Ancient Greek Agriculture was the foundation of the Ancient Greek economy. Nearly 80% of the population was involved in this activity.

The prosperity of the Greeks were mainly due to its agriculture which could produce surplus that could be invested in trade and commerce.

Ancient Greece Agriculture

Type of landholdings

The Ancient Greek land and farms were owned and cultivated by private individuals and not the state. These private individuals grew crops and practicised rearing of livestock. The landholdings were mostly small or mediocre in size between 5-20 ha in Athens and a bit more in Sparta. These lands were distributed in equal shares among the sons which led to its diminishing in size. Agricultural land was a symbol of prestige with the wealthy and the Aristocrats deriving their wealth from lands while landless were mainly engaged as slaves.

Ancient Greece Animals

The ancient Greeks were, for the most part, a rural, not an urban society. The beginning of agricultural operations was often signaled by some particular astronomical event, the seasonal behavior of animals or drastic change of season. It always rained too much in the winter and not enough in the summer. Since most of the soil was rocky and lacked nutrients, many crops wouldn’t grow.

In many areas especially where the fertility was not high, the Greeks started practicing rearing of animals as  they were very useful in providing meat, milk, cheese, wool which provided extra income and animals like horses, mules and donkeys were very useful for transporting goods.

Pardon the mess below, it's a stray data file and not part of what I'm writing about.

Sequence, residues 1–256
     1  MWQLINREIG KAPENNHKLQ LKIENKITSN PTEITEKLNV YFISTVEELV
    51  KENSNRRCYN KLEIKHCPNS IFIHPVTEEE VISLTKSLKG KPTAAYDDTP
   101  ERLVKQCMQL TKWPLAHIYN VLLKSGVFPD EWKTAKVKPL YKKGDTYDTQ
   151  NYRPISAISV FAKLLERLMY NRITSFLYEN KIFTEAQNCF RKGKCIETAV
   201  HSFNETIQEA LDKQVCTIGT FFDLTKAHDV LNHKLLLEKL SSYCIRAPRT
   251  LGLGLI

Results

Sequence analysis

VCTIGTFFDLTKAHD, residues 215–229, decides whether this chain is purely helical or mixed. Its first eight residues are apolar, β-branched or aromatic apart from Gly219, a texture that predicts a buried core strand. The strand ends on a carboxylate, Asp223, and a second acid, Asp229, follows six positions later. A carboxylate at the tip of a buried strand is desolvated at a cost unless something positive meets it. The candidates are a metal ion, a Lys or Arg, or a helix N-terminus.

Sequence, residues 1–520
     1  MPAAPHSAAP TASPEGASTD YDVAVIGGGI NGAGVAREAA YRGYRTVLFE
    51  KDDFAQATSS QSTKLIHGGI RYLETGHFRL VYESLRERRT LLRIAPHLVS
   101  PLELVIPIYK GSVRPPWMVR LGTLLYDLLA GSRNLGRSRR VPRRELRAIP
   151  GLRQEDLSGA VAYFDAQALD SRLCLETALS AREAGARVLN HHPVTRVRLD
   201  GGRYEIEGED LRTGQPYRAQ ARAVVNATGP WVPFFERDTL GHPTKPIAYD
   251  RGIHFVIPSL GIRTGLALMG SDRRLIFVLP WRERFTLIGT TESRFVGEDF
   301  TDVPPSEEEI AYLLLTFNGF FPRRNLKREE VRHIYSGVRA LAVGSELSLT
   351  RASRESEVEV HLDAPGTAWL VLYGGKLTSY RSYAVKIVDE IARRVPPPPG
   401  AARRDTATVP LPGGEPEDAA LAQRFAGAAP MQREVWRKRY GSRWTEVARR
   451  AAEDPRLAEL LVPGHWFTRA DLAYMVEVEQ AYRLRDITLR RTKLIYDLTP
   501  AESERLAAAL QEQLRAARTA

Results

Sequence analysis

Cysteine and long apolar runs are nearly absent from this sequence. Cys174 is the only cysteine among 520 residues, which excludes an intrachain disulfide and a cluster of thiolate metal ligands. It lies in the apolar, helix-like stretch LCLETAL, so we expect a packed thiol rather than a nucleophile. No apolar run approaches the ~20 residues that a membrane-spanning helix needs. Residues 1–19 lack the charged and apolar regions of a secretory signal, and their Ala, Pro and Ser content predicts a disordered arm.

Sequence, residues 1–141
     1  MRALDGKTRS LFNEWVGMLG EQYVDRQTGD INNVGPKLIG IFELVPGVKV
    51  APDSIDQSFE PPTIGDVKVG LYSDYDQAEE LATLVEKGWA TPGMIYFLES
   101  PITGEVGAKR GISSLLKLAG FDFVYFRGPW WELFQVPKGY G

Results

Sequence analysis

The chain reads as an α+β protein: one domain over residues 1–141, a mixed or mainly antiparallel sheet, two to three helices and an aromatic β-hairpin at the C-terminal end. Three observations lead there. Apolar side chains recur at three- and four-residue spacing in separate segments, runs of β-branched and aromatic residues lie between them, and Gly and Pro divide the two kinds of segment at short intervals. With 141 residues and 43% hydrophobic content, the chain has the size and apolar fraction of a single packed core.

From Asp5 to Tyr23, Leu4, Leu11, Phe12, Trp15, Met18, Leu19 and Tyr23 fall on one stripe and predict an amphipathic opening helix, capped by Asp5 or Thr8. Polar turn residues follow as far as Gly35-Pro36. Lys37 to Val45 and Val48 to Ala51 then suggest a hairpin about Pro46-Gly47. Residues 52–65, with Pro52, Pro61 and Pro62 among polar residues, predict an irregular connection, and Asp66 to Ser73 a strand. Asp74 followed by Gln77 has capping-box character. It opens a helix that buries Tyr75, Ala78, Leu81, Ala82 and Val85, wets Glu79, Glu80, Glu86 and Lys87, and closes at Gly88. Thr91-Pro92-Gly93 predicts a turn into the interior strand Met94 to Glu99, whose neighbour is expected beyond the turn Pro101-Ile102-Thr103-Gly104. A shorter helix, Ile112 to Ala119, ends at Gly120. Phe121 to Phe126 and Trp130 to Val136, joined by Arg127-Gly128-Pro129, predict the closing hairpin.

Why was farming in ancient Greece difficult?

Farming (Ancient Greek Agriculture) in ancient Greece was difficult due to the limited amount of good soil and cropland. It is estimated that only twenty percent of the land was usable for growing crops. The soil was very hard and dry in many areas as Greece had a lot mountainous regions and rough terrains. The Mediterranean climate was also dry in summer season and had erratic rains at sudden times which made agriculture very challenging.

Ancient Greek Agriculture

These core crops were augmented by vegetable gardens (cabbage, onion, garlic, lentils, chickpea, beans) and orchards (fig, almond, and pomegranate). Herbs were also grown (sage, mint, thyme, savory, oregano, etc.), as were oilseed plants such as linseed, sesame, and poppy.

The crops produced in Ancient Greece were according to the prevailing Mediterranean climate in which irregular rains often caused crop failures. The most common crop was wheat and hulled barley. Millet was commonly grown in areas having greater rainfall. Pulses such as broad beans, chickpeas and lentils are also grown.

Vines which were used to make wine and olives which were used for oil made up the main crops in Ancient Greece.

Even cash crops were produced by wealthy farmers for trading. Cereals, wine, olives, figs, and pulses were commonly traded internally among Greek cities. While wine and olive oil was the main type of foreign export.